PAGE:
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Capture of Elizabeth City

February 10, 1862

Following his February 8, 1862 capture of Roanoke Island, Union Gen. Ambrose E. Burnside decided to send the naval portion of his expeditionary force to mop up the pesky Southern Mosquito Fleet that was still operating in North Carolina’s sounds. After running out of ammunition while taking a minor part in the defense of RoanokeIsland, Confederate Capt. William F. Lynch had sailed a little fleet up the Pasquotank River to Elizabeth City to be resupplied. Upon learning of the fall of Roanoke Island, Lynch surmised that Elizabeth City would be the next Union target and made what dispositions he could with the force available to him.

A small fort at Cobb’s Point near Elizabeth City held four guns but was only manned by eight frightened militiamen. On the morning of February 10, 1862, when Union Capt. Stephen C. Rowan’s powerful gunboats were sighted coming up the river, the gunners quickly ran away, forcing Lynch to send artillerists from one of his small boats to man the guns. They managed to fire only two shots from the badly positioned cannon before the Yankee flotilla passed Cobb’s Point and dashed toward the Mosquito Fleet, which lined up to meet the attack.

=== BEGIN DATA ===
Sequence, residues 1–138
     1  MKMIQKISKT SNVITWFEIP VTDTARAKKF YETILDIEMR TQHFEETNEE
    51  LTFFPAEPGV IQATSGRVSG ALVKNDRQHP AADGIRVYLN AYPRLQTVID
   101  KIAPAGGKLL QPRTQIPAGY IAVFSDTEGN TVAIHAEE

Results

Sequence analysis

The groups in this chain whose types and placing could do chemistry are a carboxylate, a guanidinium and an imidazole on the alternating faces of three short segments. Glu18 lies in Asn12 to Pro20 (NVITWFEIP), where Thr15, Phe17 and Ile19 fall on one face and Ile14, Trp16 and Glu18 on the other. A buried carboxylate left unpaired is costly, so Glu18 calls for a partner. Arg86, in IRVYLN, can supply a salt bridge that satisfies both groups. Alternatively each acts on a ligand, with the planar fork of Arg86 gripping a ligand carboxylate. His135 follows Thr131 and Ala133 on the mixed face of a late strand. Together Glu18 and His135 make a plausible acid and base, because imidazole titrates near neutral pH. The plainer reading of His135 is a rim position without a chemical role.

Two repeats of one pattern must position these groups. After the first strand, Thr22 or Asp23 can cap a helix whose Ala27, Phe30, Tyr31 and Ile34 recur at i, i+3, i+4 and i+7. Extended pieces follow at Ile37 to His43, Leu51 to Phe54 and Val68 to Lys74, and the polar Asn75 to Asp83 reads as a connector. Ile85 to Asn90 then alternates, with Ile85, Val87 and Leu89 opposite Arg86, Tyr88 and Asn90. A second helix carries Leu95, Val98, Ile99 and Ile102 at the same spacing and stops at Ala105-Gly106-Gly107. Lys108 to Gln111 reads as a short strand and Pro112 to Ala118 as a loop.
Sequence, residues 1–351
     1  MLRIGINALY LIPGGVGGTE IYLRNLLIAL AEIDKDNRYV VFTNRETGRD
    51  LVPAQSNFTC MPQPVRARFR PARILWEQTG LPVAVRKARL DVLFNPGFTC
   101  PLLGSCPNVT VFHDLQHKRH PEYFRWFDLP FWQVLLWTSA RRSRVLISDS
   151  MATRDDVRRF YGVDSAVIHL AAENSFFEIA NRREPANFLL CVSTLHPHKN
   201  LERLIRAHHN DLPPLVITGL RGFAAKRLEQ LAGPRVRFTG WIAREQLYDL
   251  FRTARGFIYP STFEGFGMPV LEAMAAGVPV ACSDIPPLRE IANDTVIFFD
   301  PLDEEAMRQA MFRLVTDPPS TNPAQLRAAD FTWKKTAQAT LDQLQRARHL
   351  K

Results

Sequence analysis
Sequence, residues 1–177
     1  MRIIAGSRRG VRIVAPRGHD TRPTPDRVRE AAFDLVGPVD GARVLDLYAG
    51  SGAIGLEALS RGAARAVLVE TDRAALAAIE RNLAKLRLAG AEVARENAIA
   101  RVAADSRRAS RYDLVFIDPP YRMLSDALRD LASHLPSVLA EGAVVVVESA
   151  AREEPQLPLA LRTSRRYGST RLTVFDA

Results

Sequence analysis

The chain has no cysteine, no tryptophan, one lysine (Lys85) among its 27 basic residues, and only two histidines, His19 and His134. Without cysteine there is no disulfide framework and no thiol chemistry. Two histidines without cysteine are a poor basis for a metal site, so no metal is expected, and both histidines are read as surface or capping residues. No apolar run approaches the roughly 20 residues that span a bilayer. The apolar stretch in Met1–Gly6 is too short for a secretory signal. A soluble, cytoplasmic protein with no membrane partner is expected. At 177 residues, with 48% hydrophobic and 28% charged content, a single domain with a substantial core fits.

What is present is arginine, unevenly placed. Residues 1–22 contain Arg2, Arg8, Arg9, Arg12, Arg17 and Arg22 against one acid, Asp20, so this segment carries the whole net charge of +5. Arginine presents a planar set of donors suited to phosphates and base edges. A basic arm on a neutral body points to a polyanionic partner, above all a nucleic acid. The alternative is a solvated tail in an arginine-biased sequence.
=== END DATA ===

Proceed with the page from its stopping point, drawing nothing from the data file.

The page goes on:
The CSS Black Warrior was the first to receive the blasts from the powerful Union cannon and was so badly torn apart that her crew was forced to set her on fire and abandon ship. Then the USS Commodore Perry rammed the CSS Seabird, splitting her in two and sinking her. The USS Ceres closed on the CSS Ellis, and the Union sailors grappled, boarded, and captured the Ellis in a short, fierce hand-to-hand fight. The CSS Fanny caught fire from the Union shells, ran aground and was abandoned.

Only two Southern ships, the Beaufort and Appomattox, managed to escape the furious Union attack. The Beaufort passed through the canal to Norfolk, Va., but the Appomattox found that she was two feet too wide for the canaland was scuttled and burned. The Mosquito Fleet was utterly destroyed and Elizabeth City, now undefended, was quickly occupied.

Fascinating Fact: Union losses in the battle of Elizabeth City were 2 killed and 7 wounded. Southern losses were 4 killed, 6 wounded, and 34 captured.